Putin’s regime is subject to its own contradictions

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I AM

This prosperous period of the 2000s generated what is essentially the new middle class: urban professionals, white collar workers, employed in the private sector. It was the product of several years of strong economic growth, and these white-collar workers were concentrated in major cities, notably Moscow and St. Petersburg. They became an important social force, but at the same time the state raised the salaries of public sector workers such as teachers and doctors, and they formed a kind of parallel middle class made up of public employees.

They were in fact two different groups of people because, for example, in terms of willingness to demonstrate, the regime’s public sector workers were less ready to take to the streets than the private sector professionals and white collar workers. What we noticed when we analyzed the interviews with participants in these rallies in Bolotnaya Square in 2011-2012 was that some people identified with the intelligentsia – a social group that crystallized in the soviet era. But other people identified more with the middle class, calling themselves entrepreneurs, business people, and so on. At the same time, these two groups of people tended to converge: the new middle classes wanted to participate in the protests led by the educated and cultured intelligentsia, while the intelligentsia was drawn to the protests of people who were materially successful and who also wanted political freedom.

What we concluded by noticing this is that the Bolotnaya protests themselves became a place of class formation. Class formation occurred not only in the “economy” or in “society”, but in the protests themselves, especially in terms of class consciousness. The middle class in Russia was not only the product of economic dynamics; it was also the product of the protests themselves, because that is where the middle class began to identify as such.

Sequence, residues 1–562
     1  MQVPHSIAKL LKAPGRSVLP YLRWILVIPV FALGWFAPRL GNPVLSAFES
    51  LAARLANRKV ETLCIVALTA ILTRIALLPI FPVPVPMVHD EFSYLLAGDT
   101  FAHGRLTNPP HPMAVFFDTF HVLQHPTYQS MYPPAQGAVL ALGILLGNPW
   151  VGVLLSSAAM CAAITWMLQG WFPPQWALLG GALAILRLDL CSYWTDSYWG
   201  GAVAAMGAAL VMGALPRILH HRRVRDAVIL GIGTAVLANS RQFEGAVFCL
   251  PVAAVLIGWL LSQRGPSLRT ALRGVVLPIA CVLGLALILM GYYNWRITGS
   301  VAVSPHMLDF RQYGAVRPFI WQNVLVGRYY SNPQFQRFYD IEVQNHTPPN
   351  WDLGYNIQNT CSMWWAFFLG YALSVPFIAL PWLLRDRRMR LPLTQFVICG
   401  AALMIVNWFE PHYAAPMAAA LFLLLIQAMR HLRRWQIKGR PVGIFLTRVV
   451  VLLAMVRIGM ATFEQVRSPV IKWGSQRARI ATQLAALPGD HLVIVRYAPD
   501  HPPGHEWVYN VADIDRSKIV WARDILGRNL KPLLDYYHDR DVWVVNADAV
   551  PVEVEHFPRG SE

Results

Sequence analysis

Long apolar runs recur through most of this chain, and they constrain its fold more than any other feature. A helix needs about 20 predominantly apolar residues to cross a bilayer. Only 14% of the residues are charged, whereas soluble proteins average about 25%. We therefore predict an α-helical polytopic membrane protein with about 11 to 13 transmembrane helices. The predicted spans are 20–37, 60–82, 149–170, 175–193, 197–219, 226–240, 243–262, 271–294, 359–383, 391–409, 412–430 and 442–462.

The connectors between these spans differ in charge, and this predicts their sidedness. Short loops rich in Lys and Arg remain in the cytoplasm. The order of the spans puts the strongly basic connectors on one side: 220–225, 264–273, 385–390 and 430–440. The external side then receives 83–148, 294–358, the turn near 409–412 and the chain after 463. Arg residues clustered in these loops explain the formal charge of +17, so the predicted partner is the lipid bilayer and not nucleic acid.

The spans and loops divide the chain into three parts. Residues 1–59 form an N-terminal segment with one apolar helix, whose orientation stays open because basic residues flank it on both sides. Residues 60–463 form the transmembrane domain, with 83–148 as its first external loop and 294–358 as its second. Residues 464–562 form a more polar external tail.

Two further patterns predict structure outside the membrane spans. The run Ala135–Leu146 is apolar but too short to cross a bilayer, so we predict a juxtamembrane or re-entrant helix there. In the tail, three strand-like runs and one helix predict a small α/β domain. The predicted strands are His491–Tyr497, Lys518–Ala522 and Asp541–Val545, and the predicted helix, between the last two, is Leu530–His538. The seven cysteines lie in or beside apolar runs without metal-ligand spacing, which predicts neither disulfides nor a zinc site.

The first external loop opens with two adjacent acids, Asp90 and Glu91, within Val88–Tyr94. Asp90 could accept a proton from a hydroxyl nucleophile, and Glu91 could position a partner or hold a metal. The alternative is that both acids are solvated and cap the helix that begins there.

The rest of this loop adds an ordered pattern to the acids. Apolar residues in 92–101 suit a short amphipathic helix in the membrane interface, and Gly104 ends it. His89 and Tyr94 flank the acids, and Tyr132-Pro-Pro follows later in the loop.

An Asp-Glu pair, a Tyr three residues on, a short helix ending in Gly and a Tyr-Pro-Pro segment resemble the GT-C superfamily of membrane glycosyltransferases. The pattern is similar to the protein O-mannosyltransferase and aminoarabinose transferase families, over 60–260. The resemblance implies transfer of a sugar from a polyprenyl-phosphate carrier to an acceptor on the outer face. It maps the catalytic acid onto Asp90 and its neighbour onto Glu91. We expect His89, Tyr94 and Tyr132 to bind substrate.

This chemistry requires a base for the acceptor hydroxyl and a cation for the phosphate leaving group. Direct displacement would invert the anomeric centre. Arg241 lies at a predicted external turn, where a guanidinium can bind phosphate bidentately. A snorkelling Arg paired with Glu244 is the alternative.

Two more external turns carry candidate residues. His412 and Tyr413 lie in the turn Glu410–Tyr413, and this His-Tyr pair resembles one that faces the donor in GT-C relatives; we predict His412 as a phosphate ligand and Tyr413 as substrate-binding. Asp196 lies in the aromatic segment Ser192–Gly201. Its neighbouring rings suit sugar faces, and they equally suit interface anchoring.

Yet at the same time, the composition of protests and demands has changed somewhat over the past decade. When Navalny became the central figure, he steered the movement in a more populist direction, attracting more workers and rural people.

In particular, after Navalny released his video investigation of Dmitry Medvedev in 2017, we saw a much more working-class wave of protests, more open to populist slogans – not just about political freedom, but a direct confrontation with the corrupt and greedy. the ruling class. It was the result of Navalny’s populist strategy.

This latest wave of protests, brutally suppressed by the regime in January 2021, was also widely dispersed regionally. In some provincial towns of Russia, these were the biggest demonstrations in their history. This too was the product of Navalny’s strategy to open regional branches of his organization, which became active in local politics.

In conclusion, the movement became more populist, more inclusive, and made more social demands. When Navalny ran for president in 2018, he was barred from participating, but at the same time he advanced some social slogans about raising the minimum wage and attacking the oligarchs. In general, economic inequality became the central theme of his campaign, and it resonated with broad sections of Russian society. This is one of the reasons the movement has grown.

Of course, Navalny is not a left-wing politician. He is a populist and democratic politician, in the sense that he respects liberal democracy and wants to build it in Russia. But because he is not truly a left-wing politician, this turn of rhetoric he gave was contradictory.

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